Jones, R. G., Jr. (2010). Putting privilege into practice through “intersectional reflexivity”: Ruminations, interventions, and possibilities. Reflections: Narratives of Professional Helping, 16(1), 122-125.
This article explores, through personal narrative, how privilege and power operate within and among intersecting identities. Intersectional reflexivity is explored as an option for caputuring the complexity of culture and identity.
Jones, R. G., Jr. (2009). Queering marriage and family in the 2006 Colorado election. In K. M. German & B. E. Drushel (Eds.), Queer identities, political realities (pp. 59-79). Newcastle upon Tyne, UK: Cambridge Scholars Press.
During the 2006 election, Colorado joined the national “gay marriage” debate. In November, Coloradans faced two ballot measures: Referendum I granting domestic partner status and benefits to “same sex” couples and Amendment 43 defining recognized marriage as a “union of one man and one woman” (Legislative Council 2006). Amendment 43 passed with 56% of the vote; Referendum I failed by garnering 47% of the vote (Simpson 2006b). Prior to the election, “gay rights” groups and “family values” groups faced off; generating media and popular discourses surrounding the issue (Simpson 2006a). This essay employs a queer/critical theoretical lens to examine the discourses framing “both sides” of the gay marriage debate. Using critical discourse analysis (CDA), I will examine the assumptions within key texts produced by the Colorado General Assembly that summarize and analyze Referendum I and Amendment 43 and then discuss how those assumptions connect to value systems, discourses, and ideologies. While the political regulation of identities is not new, the identity politics communicated by “gay rights” opponents and proponents have become prominent issues in recent local and national elections. By taking a queer/critical lens, I move beyond reasoning based on individual or civil rights to critique marriage and family more generally. This shift in focus allows us to examine overarching ideologies that inform views on what committed relationships are and should be.
Jones, R. G., Jr., & Foust, C. R. (2008). Staging and enforcing consumerism in the city: The performance of othering on the 16th Street Mall. Liminalities: A Journal of Performance Studies, 4(1).
This essay combines literature on gentrification and neo-liberalism within a framework that examines how consumerism is constituted performatively within and by an urban redevelopment area in downtown Denver, Colorado. Through participant-observations and reflexive personal narratives, we consider how the popular 16th Street Mall becomes a stage for diverse performances of consumerism, particularly vis-à-vis the presence of non-consumer others. Though there are other possible identity performances for this space—most notably carried out by the homeless, transients, and buskers who also traverse The Mall—our analysis suggests that liberal capitalist ideologies threaten to erase or subsume non-consumer subjectivities. By ignoring non-consumer others, registering complaints about them, or regarding them with pity, consumers perpetuate neo-liberal ideologies.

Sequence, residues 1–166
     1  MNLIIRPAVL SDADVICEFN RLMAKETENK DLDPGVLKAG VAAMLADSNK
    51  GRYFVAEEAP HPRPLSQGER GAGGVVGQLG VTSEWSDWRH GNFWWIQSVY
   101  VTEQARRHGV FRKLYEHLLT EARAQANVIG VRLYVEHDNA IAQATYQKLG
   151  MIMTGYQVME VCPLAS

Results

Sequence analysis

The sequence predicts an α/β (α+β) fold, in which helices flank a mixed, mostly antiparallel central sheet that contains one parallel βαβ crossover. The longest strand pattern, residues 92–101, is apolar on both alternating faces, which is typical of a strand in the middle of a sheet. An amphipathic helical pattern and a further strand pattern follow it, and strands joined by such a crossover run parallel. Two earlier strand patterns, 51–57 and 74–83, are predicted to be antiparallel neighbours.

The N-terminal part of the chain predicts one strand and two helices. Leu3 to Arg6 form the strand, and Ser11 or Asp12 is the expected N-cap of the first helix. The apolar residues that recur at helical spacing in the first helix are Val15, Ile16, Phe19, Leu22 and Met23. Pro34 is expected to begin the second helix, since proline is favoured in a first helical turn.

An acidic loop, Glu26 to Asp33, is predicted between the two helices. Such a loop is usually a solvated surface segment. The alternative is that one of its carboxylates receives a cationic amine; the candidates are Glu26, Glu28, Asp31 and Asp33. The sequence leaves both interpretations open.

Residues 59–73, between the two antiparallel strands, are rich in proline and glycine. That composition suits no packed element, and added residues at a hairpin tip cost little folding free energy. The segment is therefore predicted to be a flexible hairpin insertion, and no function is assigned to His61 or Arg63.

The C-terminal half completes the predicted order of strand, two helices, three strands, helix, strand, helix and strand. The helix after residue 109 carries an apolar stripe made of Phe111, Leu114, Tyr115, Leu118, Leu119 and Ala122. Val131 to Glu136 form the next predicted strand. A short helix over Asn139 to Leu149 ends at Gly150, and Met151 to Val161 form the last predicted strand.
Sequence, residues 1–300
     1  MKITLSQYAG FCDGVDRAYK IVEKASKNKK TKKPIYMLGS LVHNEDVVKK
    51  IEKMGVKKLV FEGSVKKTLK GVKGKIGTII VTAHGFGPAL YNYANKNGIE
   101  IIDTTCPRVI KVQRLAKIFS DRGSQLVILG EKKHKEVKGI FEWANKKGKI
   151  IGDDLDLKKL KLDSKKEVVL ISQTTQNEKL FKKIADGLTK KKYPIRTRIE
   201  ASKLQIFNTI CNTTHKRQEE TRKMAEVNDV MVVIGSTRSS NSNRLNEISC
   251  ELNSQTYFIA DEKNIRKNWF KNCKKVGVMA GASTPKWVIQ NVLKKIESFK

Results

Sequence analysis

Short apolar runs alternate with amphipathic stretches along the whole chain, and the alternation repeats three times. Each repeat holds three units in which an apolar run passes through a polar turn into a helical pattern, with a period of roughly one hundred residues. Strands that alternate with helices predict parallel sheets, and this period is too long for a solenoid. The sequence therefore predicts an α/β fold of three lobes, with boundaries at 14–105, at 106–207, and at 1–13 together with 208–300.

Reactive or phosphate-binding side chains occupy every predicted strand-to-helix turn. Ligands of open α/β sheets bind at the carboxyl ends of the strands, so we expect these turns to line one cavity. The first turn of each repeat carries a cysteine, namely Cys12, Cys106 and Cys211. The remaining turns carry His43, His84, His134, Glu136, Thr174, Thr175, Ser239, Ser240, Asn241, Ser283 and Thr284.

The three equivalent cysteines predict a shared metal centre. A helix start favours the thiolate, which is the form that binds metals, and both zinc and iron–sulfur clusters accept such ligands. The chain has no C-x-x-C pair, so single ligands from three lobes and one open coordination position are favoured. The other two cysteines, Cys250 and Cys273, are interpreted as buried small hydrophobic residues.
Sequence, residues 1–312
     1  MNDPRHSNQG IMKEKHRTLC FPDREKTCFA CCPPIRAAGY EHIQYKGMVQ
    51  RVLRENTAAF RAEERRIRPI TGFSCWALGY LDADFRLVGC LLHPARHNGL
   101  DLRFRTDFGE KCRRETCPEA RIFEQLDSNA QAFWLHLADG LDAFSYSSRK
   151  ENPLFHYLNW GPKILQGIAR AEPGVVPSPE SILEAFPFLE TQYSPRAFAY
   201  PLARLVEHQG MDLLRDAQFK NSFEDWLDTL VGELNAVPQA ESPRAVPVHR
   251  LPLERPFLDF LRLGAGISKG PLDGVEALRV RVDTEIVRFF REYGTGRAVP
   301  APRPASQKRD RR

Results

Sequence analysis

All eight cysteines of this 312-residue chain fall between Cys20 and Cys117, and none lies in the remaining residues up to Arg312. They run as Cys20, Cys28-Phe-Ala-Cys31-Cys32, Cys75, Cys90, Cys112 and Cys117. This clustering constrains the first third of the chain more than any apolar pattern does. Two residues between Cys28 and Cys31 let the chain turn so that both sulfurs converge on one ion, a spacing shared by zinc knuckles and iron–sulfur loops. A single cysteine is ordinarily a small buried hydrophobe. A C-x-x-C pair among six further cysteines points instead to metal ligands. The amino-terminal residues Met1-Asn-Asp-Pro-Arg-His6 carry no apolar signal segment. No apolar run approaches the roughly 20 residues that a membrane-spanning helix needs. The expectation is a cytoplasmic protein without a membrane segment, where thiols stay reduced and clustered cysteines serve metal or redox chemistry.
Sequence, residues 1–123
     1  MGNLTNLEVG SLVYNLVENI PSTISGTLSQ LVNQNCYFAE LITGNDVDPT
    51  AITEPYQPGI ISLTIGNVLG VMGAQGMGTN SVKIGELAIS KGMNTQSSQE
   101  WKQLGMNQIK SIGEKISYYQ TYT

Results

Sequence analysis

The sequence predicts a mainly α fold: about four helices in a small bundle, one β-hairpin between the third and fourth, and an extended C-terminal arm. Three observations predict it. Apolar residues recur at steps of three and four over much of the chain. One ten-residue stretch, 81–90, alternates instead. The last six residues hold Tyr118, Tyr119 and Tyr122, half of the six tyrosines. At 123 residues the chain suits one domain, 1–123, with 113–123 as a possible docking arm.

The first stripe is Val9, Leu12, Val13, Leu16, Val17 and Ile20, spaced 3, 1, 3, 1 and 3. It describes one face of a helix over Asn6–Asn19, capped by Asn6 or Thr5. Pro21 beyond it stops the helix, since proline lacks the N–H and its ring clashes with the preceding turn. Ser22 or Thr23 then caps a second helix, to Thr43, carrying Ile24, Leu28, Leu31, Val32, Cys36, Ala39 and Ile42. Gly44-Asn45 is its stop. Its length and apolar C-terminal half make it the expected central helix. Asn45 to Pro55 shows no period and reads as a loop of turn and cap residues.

Jones, R. G., Jr. (2007). Drag queens, drama queens, and friends: Drama and performance as a solidarity building function in a gay male friendship circle. Kaleidoscope: A Graduate Journal of Qualitative Communication Research, 6, 61-84.
To date, scholarly research has been conducted on gay communities, language and performance within certain communities, and gay male friendships. However, scholarly synthesis of these concepts is uncommon. The following essay asks: How are performance and communication used to build and maintain solidarity in the gay male friendship circle being studied? The multi-faceted conceptual framework includes the shared repertoire dimension of a community of practice, friendship as method, and criteria for determining performance and solidarity building strategies as communicative actions. Using friendship as method, data gathered through participant observation of a small gay male friendship circle are analyzed and discussed in terms of the guiding research question. Conclusions are drawn to show that dramatic and performative communication is an important solidarity building function in the gay male friendship community being studied.